For Too Many Charter School Families, Getting to School Is a Struggle

Christina Laster thought about sending Daniel her local elementary school when she moved to Palm Springs in 2020. At Julius Corsini Elementary school, however, students do well. We are significantly below the state-average in English and mathematics.

Laster says, “I don’t see how I can send my son to an failing school.”

Instead, Daniel attends Palm AcademyThe Springs Charter Schools network includes. As with all charter schools, it is funded by the public so tuition costs are not a concern. Laster also feels the school has all the necessary equipment to meet Daniel’s unique needs.

Palm Academy is not able to provide transportation. It’s an independent charter school that accepts students from all over the country. And without access to options like the traditional yellow bus, getting to school can be a major barrier to exercising choice—especially for single-parent households like Laster’s. This problem is widespread: While the requirements vary from one state to another, most states do not require that districts provide transportation for students attending charter schools.

Andrew Rotherham co-founder of Bellwether Education Partners, a non-profit organization that has been studying the topic. How school transport limits parents’ choices. It’s difficult for parents to send their children to charter schools. [and]In suburbs where residents are dependent on their cars and may need to travel great distances to get to work, it becomes difficult to make choices.

He explains that often “low income minority children end up traveling the farthest to reach schools.” It’s because parents live in areas where there may not be a school option they desire.

Laster takes between 35 and 40 minutes to transport Daniel to school.

After I drop him at school, she said that “I’ll go to the parks.” I will spend the majority of my time there, usually in meetings that are back-to-back and on calls. From 8:30 am in the morning to 4:30 in the evening, her longest day is the one that lasts the most. It isn’t possible to get reliable internet, so when she does need to go to the toilet she will use the nearby park restrooms.

According to her, Daniel could have done more efficient work if he had transportation. Laster was a San Diego schoolteacher for nearly 13 years. Now, she works at education reform. National Parents Union

California doesn’t offer funding for charter schools to transport students. “It’s not even one line item on their budget,” she says. We have the Local Control and Accountability Plan. There is no funding for transport in public charter schools.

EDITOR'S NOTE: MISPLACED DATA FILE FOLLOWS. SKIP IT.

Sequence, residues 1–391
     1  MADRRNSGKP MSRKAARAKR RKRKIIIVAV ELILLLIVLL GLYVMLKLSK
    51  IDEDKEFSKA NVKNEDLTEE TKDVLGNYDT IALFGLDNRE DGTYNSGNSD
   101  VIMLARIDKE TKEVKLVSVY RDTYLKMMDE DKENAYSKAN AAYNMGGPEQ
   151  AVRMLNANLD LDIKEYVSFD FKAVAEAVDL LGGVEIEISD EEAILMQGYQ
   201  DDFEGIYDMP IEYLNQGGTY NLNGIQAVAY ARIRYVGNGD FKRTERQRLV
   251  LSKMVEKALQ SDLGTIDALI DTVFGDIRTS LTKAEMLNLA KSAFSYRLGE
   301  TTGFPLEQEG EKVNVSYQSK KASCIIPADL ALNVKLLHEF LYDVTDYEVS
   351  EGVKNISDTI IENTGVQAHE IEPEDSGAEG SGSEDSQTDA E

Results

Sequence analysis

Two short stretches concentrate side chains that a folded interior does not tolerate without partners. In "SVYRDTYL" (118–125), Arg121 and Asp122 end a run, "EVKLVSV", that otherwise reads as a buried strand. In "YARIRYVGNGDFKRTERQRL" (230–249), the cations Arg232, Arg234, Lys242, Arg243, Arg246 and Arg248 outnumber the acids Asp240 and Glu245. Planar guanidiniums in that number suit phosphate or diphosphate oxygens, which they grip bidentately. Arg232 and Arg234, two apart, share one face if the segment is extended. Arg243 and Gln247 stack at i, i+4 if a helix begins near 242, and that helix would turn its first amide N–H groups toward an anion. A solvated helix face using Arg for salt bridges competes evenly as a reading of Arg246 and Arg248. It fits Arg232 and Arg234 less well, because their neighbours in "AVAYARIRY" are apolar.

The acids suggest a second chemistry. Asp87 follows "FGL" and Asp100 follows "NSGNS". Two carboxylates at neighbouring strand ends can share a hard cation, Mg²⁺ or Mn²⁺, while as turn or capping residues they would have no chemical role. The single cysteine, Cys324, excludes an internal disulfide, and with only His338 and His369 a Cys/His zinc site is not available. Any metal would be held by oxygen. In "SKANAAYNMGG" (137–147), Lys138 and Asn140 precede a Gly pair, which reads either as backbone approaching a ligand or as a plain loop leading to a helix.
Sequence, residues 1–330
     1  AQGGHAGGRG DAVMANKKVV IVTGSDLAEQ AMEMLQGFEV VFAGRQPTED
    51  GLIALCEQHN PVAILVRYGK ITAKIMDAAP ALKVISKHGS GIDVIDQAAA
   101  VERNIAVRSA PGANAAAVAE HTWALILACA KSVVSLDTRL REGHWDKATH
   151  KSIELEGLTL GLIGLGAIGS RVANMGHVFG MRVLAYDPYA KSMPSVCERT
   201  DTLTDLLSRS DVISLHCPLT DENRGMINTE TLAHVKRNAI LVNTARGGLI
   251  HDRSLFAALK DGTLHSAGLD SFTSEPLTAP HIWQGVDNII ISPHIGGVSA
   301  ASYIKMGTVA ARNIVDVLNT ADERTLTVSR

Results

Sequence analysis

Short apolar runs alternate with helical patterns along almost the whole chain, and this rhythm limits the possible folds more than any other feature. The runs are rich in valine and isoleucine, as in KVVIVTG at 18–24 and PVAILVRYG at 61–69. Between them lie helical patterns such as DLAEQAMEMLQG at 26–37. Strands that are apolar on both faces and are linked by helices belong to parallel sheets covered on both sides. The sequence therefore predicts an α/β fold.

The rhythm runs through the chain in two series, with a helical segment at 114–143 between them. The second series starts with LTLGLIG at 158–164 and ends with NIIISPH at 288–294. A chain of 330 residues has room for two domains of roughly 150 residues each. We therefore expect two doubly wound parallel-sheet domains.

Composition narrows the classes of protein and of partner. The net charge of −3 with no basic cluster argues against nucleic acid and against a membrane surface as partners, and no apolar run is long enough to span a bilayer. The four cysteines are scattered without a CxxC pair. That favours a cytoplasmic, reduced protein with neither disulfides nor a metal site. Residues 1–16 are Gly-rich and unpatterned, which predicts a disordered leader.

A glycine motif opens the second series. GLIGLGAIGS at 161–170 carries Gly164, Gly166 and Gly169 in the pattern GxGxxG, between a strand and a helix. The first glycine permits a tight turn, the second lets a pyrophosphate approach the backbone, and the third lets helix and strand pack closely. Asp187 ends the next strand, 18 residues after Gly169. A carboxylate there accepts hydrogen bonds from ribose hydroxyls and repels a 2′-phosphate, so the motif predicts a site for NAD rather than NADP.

Skeptics may wonder why schools should have to take their children to another area or county because they are unhappy with the local school. They have the choice to either walk or ride the bus to the school they choose.

Rotherham says that it really boils down to your vision of the public school system. Parents can make choices for their children if they want. It is possible to get them there in an efficient and equitable manner. Actually, the school choice argument points out that the system must be flexible enough to accommodate parents. They are the main stakeholders.”

Laster is proud to have a say in Daniel’s education. “I wouldn’t send Daniel to the school district because I understand what it is like. He’s been with me before. He’s seen the results.

Daniel was an undergraduate at a California school called Lake Elsinore before they made the move to Palm Springs. Laster filed a lawsuit against the school, alleging mistreatment and failure to address Daniel’s learning needs. Laster claims that she moved away from domestic violence shortly after the case was resolved.

Laster claims that Daniel’s teacher had mistreated him by the first grade. He was mentally defeated by the time he reached second grade. Suicidal ideation. He did not want to attend school each day.

She decided to take him home and start him in third grade. But after about a decade and a quarter, I realized that this can be very expensive,” she said. She didn’t have enough time or resources to support Daniel and so she enrolls him at Palm Academy.

If we look at the situation with African American males, or African American men in this country and see if they are unable to read and/or write and are punished excessively, then that is what we refer to as a school-to prison pipeline. Laster says that he doesn’t want his son to be on the school-to prison pipeline. “I want him not to change the course he is on. He’s on grade level. He doesn’t fail in math and English language arts. This is major for California fifth-grade black boys.

Laster wants to homeschool Daniel again, despite his academic achievements. Springs Charter School Network offers programs to support families who homeschool and those who prefer study at-home.

Transport to school is like the “plumbing in your house”. Bellwether’s Rotherham. You don’t need to think too much about it until you see the results. This is what the pandemic forced to be known. These shortages have caused people to pay attention to transportation in schools. These are issues that have been around for a long time, and are not being addressed by people. Some of the issues that we are seeing right now, such as parents wanting to have different options and choice, will bring this to the forefront.

Laster sees transportation as an integral part of realizing school choice’s promise. “I want my boy to get educated.” “I want my son upward mobility.” she said. “I make sacrifices today to ensure that he gets the best possible outcomes later on in his life.”

Qinling Li produced and edited the video; Katherine Mangu–Ward did the narration and interview; Arthur Nazaryan added editing; Isaac Reese color corrected and graphic; Ian Keyser audio mix.